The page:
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The SS officer Amon Goeth commanded the Plaszow labor camp. He had orchestrated the final “liquidation” of the Krakow ghetto as well as the ghettoes in several provincial towns, including nearby Tarnow. Goeth had additional experience at three death camps in eastern Poland, Belzec, Sobibor, and Treblinka.

“I knew Goeth,” said Anna Duklauer Perl, a Jewish survivor. “One day he hung a friend of mine just because he had once been rich. He was the devil.”

Pankiewicz observed Goeth at work in the Krakow ghetto: “Tall, handsome, heavy set with thin legs, head in proportion, and eyes of blue, he was about forty years old. He was dressed in a black leather coat, held a riding crop in one hand and a short automatic rifle in the other; close to him were two huge dogs.”

“When you saw Goeth, you saw death,” said Poldek Pfefferberg, one of the Schindlerjuden.

ITZHAK STERN August 6, 2008

Posted by mataenglish in Schindler, Visual Texts, Year 13.
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According to Stern’s postwar recollection, he immediately recognized that Schindler was that rare item in Nazi-occupied Poland: The “good” German. When Schindler commented that it must be hard to be a priest during times like these, when life did not have “the value of a pack of cigarettes,” Stern seized the moment to recite the Talmudic verse: “He who saves one life, it is as if he has saved the entire world.” Schindler replied, “Of course, of course.”

Keneally writes, “Itzhak, rightly or wrongly, always believed that it was at that moment that he had dropped the right seed in the furrow.”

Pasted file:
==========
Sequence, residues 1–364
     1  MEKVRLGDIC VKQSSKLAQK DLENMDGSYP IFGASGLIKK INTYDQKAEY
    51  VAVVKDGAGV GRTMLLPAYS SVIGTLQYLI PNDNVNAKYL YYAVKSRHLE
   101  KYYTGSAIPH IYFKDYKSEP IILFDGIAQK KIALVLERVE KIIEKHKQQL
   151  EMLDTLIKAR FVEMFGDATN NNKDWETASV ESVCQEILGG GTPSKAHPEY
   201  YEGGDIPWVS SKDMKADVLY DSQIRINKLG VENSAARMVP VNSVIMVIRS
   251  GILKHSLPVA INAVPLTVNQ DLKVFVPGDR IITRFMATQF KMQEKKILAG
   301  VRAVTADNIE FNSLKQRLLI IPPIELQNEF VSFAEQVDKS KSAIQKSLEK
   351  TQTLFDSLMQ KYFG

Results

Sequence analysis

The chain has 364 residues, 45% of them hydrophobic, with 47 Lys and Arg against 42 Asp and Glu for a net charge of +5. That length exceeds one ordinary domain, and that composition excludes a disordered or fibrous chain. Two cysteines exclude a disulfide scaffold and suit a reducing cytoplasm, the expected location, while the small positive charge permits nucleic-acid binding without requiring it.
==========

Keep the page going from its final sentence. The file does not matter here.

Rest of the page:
The influence of Itzhak Stern is of decisive importance in understanding Schindler’s evolution from war-profiteer to rescuer of Jews. When Stern was buried in 1969, Schindler stood at the graveside, crying like a child.

Stern was the first person to inform Schindler that Jewish slave labour cost less than Polish labour. Schindler, with an eye towards a profit, recognized the advantage of Jewish labour. Thus began his relationship with the Jews. He would be Herr Direktor, they would be his employees. He would always have a kind word for them. In the end, he would save many of them from annihilation.

Interview with Steven Spielberg August 6, 2008

Posted by mataenglish in Schindler, Visual Texts, Year 13.
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http://www.insidefilm.com/spielberg.html

Hosing down the trains [KP] August 6, 2008

Posted by mataenglish in Schindler, Visual Texts, Year 13.
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A huge group of Jews are packed into cattle trains for transportation to the death camps. A group of Nazi officers, including Goeth, are sitting around outside drinking, eating and laughing as if they are at some kind of sport match when Schindler arrives. In the mid day heat the train carriages become ovens and the Jews are crying and wailing, sticking their hands out of the small windows and calling for mercy. Schindler is clearly uncomfortable and asks Goeth if he can use the fire hoses to hose down the carriages. Goeth and the officers think that this is a big joke. Schindler puts his plan in action and walks along with the man spraying directing the flow of water into the carriages. The expression on the Nazi officers faces is now one of stoic disapproval. Goeth points out the Schindler is being cruel because he is giving them hope.